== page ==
Since Sept. 13, 2006, three confirmed cases of the disease have hit Hopkinsville, Ky.
One of the three cases died due to the virus while the other two victims are being treated at Jennie Stuart Medical Center with one expected to be released soon.
"This the first three cases we've had in our county in humans we've had some positive cases in birds but with humans its a different situation," said Anita Simmons, Public Health Director for the Christian County Health Department.
"Last year, we had more cases in northern Kentucky. This year we have it here. Next year, we may have it somewhere else," added Pennyrile Regional Epidemiologist for the Christian County Health Department.
Christian County isn't the only place struggling with the disease carried through mosquitoes and birds.
According to Pasupulati, a total of five cases have been reported in Kentucky.
Indiana has had 94 cases reported and 35 other states have had reports of humans infected.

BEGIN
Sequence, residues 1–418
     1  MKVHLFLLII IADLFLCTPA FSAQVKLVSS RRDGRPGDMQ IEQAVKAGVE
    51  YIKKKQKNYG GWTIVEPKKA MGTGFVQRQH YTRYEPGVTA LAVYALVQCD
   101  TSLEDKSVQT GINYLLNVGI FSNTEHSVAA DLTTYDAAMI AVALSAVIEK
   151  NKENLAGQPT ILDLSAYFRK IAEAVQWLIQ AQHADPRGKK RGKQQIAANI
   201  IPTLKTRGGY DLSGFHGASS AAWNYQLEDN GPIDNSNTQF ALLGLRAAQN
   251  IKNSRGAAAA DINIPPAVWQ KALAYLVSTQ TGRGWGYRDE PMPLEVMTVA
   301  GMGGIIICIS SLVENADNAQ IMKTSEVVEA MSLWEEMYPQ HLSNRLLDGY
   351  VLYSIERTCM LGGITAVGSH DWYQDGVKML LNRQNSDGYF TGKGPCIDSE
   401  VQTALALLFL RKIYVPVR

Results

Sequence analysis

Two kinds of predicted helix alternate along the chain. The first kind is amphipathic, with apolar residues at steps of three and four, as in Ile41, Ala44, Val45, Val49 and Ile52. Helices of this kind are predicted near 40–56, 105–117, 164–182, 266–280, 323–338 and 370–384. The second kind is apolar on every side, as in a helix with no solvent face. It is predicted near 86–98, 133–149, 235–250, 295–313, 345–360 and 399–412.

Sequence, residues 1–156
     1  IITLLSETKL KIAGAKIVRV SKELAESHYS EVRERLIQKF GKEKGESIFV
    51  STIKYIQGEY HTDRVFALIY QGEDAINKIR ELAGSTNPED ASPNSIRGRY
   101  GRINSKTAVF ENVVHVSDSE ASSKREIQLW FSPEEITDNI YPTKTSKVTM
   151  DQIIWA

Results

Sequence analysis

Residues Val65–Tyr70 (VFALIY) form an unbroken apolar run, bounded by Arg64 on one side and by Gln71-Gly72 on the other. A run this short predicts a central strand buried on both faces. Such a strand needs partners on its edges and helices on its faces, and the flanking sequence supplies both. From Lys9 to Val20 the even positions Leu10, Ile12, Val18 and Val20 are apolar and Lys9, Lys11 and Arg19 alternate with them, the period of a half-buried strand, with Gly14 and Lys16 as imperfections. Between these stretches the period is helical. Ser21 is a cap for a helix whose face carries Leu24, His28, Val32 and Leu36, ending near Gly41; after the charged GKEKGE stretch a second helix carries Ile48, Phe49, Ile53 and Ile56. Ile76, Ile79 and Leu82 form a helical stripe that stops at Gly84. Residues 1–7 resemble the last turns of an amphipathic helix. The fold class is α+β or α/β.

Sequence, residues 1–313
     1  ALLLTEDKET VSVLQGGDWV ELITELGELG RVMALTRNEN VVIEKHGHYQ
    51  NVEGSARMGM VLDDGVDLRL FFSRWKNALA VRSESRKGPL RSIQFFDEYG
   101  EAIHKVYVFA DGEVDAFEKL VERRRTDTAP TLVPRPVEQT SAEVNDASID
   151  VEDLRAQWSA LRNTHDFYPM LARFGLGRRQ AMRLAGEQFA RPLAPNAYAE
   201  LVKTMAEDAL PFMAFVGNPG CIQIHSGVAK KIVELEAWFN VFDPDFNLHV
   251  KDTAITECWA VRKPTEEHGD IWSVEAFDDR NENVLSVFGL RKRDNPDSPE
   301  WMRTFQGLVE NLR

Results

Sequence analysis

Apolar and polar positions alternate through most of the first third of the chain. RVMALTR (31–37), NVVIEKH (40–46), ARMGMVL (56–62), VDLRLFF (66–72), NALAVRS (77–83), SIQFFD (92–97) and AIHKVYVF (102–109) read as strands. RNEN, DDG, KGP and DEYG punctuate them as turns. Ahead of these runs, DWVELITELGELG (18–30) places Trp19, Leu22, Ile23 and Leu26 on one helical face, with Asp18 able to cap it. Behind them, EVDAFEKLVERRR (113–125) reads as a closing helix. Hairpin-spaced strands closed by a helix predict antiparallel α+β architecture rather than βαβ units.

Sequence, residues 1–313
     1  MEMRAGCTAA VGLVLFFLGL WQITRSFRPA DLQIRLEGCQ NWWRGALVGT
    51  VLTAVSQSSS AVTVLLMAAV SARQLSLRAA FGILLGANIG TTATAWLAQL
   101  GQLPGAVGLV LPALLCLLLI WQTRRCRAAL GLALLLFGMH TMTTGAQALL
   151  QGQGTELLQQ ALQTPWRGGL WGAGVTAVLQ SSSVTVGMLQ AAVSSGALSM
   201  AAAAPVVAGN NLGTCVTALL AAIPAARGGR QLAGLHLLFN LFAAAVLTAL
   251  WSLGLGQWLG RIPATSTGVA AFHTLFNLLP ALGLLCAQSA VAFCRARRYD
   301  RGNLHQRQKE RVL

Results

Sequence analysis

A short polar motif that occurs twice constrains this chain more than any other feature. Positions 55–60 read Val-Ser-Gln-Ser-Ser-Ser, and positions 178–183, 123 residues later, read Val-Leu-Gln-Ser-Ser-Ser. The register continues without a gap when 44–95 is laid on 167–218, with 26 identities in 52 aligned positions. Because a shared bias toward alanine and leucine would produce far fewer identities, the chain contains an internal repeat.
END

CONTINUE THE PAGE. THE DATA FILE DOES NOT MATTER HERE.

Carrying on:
The disease first began to catch Americans attention at the beginning of the decade when many cases were being reported throughout the country.
The mass hysteria seemed to die down.
Pasupulati stated the disease is still hitting Americans hard despite less publicity.
"Since it has become a regular disease that is showing in the public, it is no more a sensation," said Pasupulati.
Simmons says in the light of the three cases, the city of Hopkinsville and the county are increasing efforts to spray for mosquitoes as well as making the community aware of the disease.
"With the extra spraying and with the citizens knowing what they need to do to take care of themselves, we hope we won't see any new cases of West Nile."
In 2005, Kentucky had five reported cases of West Nile Virus.
To view the press release concerning this matter click here.
To view West Nile statistics, surveillance and control information click here.
And to view West Nile activity in the U.S. click here.